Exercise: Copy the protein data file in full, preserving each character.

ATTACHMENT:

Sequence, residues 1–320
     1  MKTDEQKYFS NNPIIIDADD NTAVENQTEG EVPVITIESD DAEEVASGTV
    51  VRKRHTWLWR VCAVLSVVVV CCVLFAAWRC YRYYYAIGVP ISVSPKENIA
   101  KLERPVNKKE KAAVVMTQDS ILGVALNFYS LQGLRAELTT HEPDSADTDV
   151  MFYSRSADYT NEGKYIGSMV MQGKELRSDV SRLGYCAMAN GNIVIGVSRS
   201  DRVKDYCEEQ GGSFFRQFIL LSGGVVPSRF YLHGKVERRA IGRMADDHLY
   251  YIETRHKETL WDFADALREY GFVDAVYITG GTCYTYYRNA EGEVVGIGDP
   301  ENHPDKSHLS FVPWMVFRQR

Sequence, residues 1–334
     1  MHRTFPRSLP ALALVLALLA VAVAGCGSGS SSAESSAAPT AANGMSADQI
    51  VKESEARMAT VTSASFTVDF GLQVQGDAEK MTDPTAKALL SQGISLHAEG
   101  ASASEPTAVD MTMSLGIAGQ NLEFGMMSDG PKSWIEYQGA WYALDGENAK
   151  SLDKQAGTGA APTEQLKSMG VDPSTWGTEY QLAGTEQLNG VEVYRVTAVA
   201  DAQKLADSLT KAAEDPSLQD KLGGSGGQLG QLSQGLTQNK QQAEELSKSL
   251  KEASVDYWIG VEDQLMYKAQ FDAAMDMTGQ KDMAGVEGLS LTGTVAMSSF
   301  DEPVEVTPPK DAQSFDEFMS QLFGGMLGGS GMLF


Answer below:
Sequence, residues 1–320
     1  MKTDEQKYFS NNPIIIDADD NTAVENQTEG EVPVITIESD DAEEVASGTV
    51  VRKRHTWLWR VCAVLSVVVV CCVLFAAWRC YRYYYAIGVP ISVSPKENIA
   101  KLERPVNKKE KAAVVMTQDS ILGVALNFYS LQGLRAELTT HEPDSADTDV
   151  MFYSRSADYT NEGKYIGSMV MQGKELRSDV SRLGYCAMAN GNIVIGVSRS
   201  DRVKDYCEEQ GGSFFRQFIL LSGGVVPSRF YLHGKVERRA IGRMADDHLY
   251  YIETRHKETL WDFADALREY GFVDAVYITG GTCYTYYRNA EGEVVGIGDP
   301  ENHPDKSHLS FVPWMVFRQR

Sequence, residues 1–334
     1  MHRTFPRSLP ALALVLALLA VAVAGCGSGS SSAESSAAPT AANGMSADQI
    51  VKESEARMAT VTSASFTVDF GLQVQGDAEK MTDPTAKALL SQGISLHAEG
   101  ASASEPTAVD MTMSLGIAGQ NLEFGMMSDG PKSWIEYQGA WYALDGENAK
   151  SLDKQAGTGA APTEQLKSMG VDPSTWGTEY QLAGTEQLNG VEVYRVTAVA
   201  DAQKLADSLT KAAEDPSLQD KLGGSGGQLG QLSQGLTQNK QQAEELSKSL
   251  KEASVDYWIG VEDQLMYKAQ FDAAMDMTGQ KDMAGVEGLS LTGTVAMSSF
   301  DEPVEVTPPK DAQSFDEFMS QLFGGMLGGS GMLF